7. And why not exactly? If they'll support reducing SS and not push back against the White House,

 

in what way are they not part of the problem?

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Response to AnotherMcIntosh (Reply #7)

Fri Dec 21, 2012, 01:49 AM

10. I think you are mischaracterizing House Dems,

 

I don't think they are the problem, the problem is that Obama has a habit of ignoring them and not including them in virtually any negotiations. Pelosi fought hard and long and got the votes for single payer and Obama gave it away. Seems there were other similar situations when Pelosi lead the Dem majority through Obama's first two years.

It isn't the House Dems, it's Obama and few Blue Dog Senators that are the problem.

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Response to Faryn Balyncd (Original post)

Thu Dec 20, 2012, 11:31 PM

6. The cow has dried up

No wonder Pelosi's looking at making a purse out of the hide.

Yes, the surplus of FICA taxes in versus payments out financed all kinds of financial folly over the years, but we've finally hit the point where the pyramid is collapsing. I'm not surprised that our leadership has abandoned the carcass before it really starts to stink.

As for that $2.7 surplus, the only ways of paying it back are Federal budgets that run surpluses, swapping Trust Fund non-negotiable securities for regular Treasury bills and notes, or inflating the currency. Yes, I'd like to see the rich taxed to run the surpluses, but that's just not going to happen any time soon. If ever.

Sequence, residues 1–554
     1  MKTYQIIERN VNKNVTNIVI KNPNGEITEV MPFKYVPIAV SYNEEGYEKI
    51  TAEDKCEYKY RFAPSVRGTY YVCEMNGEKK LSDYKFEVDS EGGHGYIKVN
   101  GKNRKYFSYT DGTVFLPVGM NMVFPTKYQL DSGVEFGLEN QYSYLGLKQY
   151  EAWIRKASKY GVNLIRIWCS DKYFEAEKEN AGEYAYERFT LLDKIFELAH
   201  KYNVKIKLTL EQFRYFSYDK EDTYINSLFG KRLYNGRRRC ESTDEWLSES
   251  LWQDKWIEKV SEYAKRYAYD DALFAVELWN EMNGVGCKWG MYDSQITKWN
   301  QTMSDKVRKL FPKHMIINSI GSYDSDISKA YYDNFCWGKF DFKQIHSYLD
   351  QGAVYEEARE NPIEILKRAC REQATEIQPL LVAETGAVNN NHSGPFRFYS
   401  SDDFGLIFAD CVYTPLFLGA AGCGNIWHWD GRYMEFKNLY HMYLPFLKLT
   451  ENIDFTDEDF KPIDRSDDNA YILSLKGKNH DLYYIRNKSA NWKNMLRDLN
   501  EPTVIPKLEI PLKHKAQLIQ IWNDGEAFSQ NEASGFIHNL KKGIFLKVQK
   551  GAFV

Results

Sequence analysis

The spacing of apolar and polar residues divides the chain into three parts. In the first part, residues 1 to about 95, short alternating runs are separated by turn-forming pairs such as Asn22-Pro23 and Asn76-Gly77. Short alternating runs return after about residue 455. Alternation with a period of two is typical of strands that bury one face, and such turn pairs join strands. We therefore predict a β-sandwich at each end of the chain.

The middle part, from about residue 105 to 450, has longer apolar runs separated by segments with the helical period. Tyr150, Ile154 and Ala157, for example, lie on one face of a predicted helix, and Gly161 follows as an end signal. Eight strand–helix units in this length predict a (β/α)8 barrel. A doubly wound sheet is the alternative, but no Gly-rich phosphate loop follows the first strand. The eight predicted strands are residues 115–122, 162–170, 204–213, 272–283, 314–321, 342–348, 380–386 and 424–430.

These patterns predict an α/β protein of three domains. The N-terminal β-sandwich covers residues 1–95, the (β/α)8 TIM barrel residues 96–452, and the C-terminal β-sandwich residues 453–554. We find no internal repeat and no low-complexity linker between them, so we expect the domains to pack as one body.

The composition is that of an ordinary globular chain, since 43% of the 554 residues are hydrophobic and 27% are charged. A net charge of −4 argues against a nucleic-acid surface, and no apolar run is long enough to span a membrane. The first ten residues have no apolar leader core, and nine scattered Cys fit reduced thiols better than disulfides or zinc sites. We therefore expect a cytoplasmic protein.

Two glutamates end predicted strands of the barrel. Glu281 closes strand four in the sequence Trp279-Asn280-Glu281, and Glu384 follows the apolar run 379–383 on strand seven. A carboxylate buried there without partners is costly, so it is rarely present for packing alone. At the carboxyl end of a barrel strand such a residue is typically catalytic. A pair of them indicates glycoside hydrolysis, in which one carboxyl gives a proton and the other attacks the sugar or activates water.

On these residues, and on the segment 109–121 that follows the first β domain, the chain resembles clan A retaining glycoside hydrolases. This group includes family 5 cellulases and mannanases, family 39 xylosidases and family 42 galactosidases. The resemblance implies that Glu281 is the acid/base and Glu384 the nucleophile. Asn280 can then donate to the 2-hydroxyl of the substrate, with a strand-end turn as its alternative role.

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Response to customerserviceguy (Reply #6)

Fri Dec 21, 2012, 12:31 AM

9. Are you suggesting



...that we can honor the $1.1 trillion held by China, the $1.1 trillion held by Japan, the $3 trillion held by other foreign investors, and the approximately $8 trillion held by others (including institutional investors, individual investors, and governmental agencies other than SS) but that we not honor the debt held by the SS Trust Fund?

That we have no option other than to continue historically low income tax rates?




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Response to Faryn Balyncd (Reply #9)

Fri Dec 21, 2012, 07:21 AM

12. Remember my option number 2 above?

Where fully negotiable securities are issued to replace previous obligations? That's how we presently deal with the debts we owe to China, Japan, and the other investors. We just keep on refinacing the mortgage, because we still can. If the Federal government had put regular T-bills and notes into the Trust Fund, I'd be a bit less worried about it.

But those IOU's (as Bernie Sanders even called them) are not tradeable on the open market, only Congress can decide to redeem them. I don't see that happening with the budget deficits that we're going to run for the rest of this decade.

No, I don't see taxes continuing at the current low levels, in fact, the fiscal cliff means they can finally rise to what they were under the Clinton Administration, where we did have budgets in surplus. The only thing is, it takes more than just tax money to make a surplus, it takes having spending be less than those taxes in a given year. With the retirement of the baby boomers, and the replacement of well-paying careers with McJobs, I don't see that happening any time soon.

We're all out of clever tricks to keep from facing the future.

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Response to Faryn Balyncd (Original post)

Thu Dec 20, 2012, 11:53 PM

8. k&r

 

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Response to Faryn Balyncd (Original post)

Fri Dec 21, 2012, 02:08 AM

11. I do love me some Grayson

...But who actually has the broadest appeal in the house out of that list?